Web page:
But anyway the only "proof" anyone posted supporting the dogs theory is that one poster said his dog figured out to unlatch doors and that video of the driving dog. While this shows dogs have some intelligence, those things don't support the idea they can fly a plane. As for the "driving" dog, with all due respect that dog is not driving at all. It was trained to move a steering wheel based on active prompting by his trainer. That's very different from actual understanding of what it's doing. If the only way I could drive was have my mom stand outside my car and tell me which way to turn the wheel the entire time no one would say I was "driving." And no one would issue me a driver's license for that. Someone can tell me how to draw all the kanji characters in the world, but that doesn't mean I can read and write Chinese. So learning how to move a steering wheel based on commands from a trainer is not driving.

What really makes me thinks the dog thing is ridiculous is the brain function and cognizance that is required to fly a plane. Flying a plane takes many hours of training. There are humans who can't cut it. The dropout rate of pilot school is extremely high. If most humans can't even learn how to fly a plane, how is a dog supposed to? The amount of evolution required to have a dog understand what a plane is, what flying is, the capacity to understand the process of flying a plane, how to read all the instruments, the dexterity involved in their limbs to operate all those instruments, and other stuff I'm not even mentioning is far far away. Just getting the dog to understand the training program is so far beyond a dog's brain power, by the time dogs evolved to be able to understand such training program would probably make them not be classified as dogs anymore. I think all this is much more impossible than making a plane that can transform into a robot. And like I said before but I think got lost somewhere, its not a matter of whether anyone would build it, what the need for it would be, how useful it would be, whether it would look cool, or whether it would provide any type of military advantage, its just a simple question of could we do it. Ghost Train provided the best answer as to why we couldn't do it, and those obstacles seem far smaller than what it would take to get a dog to start up a plane, take off, fly and manuever it to take part in an air battle and fire weapons, and then land the plane like in "UP!"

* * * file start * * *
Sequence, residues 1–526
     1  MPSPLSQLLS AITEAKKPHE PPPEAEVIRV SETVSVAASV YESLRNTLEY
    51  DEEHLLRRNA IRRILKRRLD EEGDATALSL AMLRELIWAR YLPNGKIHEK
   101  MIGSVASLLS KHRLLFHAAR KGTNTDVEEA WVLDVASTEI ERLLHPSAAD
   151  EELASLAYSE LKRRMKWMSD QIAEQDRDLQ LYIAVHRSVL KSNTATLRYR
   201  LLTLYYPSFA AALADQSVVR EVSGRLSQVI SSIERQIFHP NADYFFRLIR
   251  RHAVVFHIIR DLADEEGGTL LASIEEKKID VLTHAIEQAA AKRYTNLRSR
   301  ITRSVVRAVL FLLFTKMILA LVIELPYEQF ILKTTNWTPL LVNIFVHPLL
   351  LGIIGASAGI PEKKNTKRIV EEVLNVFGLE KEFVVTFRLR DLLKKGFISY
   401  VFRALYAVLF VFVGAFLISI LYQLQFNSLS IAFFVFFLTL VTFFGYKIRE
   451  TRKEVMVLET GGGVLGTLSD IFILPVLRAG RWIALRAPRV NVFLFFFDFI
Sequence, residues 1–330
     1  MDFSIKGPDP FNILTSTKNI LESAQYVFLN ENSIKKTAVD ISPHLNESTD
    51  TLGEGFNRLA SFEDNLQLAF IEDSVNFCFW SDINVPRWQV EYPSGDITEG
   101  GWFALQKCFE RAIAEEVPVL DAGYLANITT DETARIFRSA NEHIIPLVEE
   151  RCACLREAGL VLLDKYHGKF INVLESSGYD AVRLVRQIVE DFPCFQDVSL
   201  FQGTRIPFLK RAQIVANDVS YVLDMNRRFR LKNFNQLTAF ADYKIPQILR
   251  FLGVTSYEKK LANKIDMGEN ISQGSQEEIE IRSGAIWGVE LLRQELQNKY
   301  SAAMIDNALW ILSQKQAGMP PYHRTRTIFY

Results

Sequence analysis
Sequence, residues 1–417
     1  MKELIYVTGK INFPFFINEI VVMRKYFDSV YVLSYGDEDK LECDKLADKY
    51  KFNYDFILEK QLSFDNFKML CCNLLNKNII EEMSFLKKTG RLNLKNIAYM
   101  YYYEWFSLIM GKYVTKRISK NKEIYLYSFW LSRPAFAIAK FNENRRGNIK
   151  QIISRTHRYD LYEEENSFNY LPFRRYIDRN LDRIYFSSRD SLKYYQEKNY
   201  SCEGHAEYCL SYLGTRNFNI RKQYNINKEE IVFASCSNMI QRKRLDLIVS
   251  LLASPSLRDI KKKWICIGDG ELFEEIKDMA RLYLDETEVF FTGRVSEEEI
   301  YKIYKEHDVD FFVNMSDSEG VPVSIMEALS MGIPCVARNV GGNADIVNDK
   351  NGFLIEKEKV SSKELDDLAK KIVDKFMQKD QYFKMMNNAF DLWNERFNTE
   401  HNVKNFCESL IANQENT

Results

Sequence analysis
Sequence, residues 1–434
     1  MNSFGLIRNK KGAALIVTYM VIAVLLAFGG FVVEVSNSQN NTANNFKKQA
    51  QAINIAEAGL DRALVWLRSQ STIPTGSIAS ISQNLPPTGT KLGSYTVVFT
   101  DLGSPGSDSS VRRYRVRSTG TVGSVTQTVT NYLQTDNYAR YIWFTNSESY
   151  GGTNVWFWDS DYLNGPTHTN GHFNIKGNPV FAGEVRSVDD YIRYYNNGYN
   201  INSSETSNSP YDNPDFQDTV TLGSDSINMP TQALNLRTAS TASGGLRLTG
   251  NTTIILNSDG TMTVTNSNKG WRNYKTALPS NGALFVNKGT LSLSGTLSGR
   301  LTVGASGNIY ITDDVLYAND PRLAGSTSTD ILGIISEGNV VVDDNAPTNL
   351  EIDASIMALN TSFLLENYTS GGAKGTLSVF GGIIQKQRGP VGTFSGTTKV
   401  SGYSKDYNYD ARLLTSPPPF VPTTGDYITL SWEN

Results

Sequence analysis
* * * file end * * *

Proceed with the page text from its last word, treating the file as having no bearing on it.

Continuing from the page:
Oh one last thing I need to clarify because of the drone thing. The orginal argument was dogs flying planes and transforming jets are as they are in their respective series. So the dogs fly WWI era prop planes like in UP!, and the jets transform like they do in SDF Macross.

Edited by pikashoo

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Actually flying a plane is very easy. As someone mentioned in this thread there are planes that basically fly on their own because they are so stable. The tricky part is to start and land safely on your own. Of course the auto pilot on modern aircrafts can do that as well (if I remember that episode of Myth Busters correctly). Once you are airborne there is the flight stick, the foot pedals and the thrust lever that you need to navigate the plane. Of course this is a simplified view of the world but you can fly the right kind of plane with a flight instructor and no basic knowledge without endangering everyone around you. ^_^

I think the hardest part of flying is to learn all the rules and regulations.

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The problem for a plane/robot is weight and complexity.